Someone’s wise tweet – I think it may have been Nicole Valentine’s – commended a plan to buy all Christmas gifts from bookstores and museum shops. I love this idea for supporting great places hard-hit by the pandemic.
I have hopefully dogeared a museum shop catalog with a desire of my own. As for gifts to give – books are always top of my list, and I’ve been collecting a small hoard all year. Which is a good thing, because shopping is not as easy or as safe as last year. It’s very fortunate indeed that two of my local bookstores offer curbside delivery. You, too, can give a gift to your community and order books from your local bookstore if you have one, and stay safely at home while you do it. They may also be able to send them for you.*
Here are some books I am going to give this year (shhh, no telling).
For a science fiction and comic book fan: Ray Bradbury’s The Martian Chronicles: The Authorized Adaptation, which I was lucky enough to find at my local indie bookshop (they don’t have it in stock now, but it can be ordered from Barnes and Noble).
For a history/nonfiction buff, who, after reading on my blog about the Winchester Mystery House, was inspired to dig deeper: Captive of the Labyrinth: Sarah L. Winchester, Heiress to the Rifle Fortune by Mary Jo Ignoffo.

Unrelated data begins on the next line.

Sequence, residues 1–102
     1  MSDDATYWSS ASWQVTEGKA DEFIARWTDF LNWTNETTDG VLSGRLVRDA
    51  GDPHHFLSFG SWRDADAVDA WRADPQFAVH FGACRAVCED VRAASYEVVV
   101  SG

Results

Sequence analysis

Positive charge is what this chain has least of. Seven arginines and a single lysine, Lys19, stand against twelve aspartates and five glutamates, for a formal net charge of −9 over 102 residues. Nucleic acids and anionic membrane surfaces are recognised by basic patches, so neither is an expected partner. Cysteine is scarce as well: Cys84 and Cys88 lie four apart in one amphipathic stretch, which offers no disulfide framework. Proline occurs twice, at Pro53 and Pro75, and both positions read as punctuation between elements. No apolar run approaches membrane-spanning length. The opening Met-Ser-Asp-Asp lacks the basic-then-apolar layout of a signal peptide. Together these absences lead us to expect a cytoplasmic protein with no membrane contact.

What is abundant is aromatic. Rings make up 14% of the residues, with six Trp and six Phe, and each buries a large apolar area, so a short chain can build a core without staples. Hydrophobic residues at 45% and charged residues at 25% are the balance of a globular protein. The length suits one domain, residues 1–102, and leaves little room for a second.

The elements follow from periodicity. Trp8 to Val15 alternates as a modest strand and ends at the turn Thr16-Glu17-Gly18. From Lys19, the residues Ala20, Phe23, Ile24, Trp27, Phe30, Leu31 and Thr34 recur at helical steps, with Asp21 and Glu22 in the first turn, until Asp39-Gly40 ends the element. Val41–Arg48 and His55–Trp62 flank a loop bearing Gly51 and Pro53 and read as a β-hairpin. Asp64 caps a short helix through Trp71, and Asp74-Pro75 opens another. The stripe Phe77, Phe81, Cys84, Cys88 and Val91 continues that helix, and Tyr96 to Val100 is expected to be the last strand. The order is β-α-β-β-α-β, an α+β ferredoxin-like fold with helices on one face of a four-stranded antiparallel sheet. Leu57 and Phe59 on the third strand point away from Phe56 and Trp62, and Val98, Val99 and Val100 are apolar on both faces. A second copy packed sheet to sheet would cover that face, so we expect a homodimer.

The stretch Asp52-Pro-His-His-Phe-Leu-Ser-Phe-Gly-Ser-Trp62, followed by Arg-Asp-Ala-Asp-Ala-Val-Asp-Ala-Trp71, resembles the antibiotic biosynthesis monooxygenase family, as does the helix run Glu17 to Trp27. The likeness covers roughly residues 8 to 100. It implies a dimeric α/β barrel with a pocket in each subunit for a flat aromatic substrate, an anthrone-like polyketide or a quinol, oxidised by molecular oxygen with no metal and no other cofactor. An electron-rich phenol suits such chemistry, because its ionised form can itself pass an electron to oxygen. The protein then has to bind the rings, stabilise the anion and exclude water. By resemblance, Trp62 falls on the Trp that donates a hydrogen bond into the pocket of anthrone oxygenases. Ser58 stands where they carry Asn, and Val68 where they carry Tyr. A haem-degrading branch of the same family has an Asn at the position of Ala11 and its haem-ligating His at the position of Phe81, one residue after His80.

For a young adult horror fan, The Screaming Staircase (Lockwood & Co. Series #1) by Jonathan Stroud, because this book gave me great chills and I don’t even really love horror.
For a middle-grader with a big heart, a middle-grade book with great heart: A Time Traveler’s Theory of Relativity by Nicole Valentine. This is another book I read and loved, though I am well out of the focus audience.
And for a dear aunt, a warm-hearted Christmas romance, Season of Hope by Laura Nelson Selinsky.
For more ideas of books to give, you can see my blog on this from last year.
Another suggestion for gift ideas: are there local artists and artisans who might have websites you could order gifts from?
How about a gift for yourself: a short collection of fine tales to take you back to the old West? My writing friend VT Dorchester has a great tale online in the December issue of Frontier Tales. I’ve read a number of these, and they are fine stories. So far, I’m particularly fond of VT’s, “Horseshoe Nail Stew”, a clever and deepened retelling of the Stone Soup folktale. I’m looking forward to taking a small break and reading more stories, then choosing and voting for my favorite. Well done, VT!
Whatever holidays you observe, may you find the light, and celebrate and share it.
*Yes, you could probably get most if not all of these books at Amazon, but Amazon has done extremely well during the pandemic. Why not support bookstores, museums, and artisans who have been hit hard?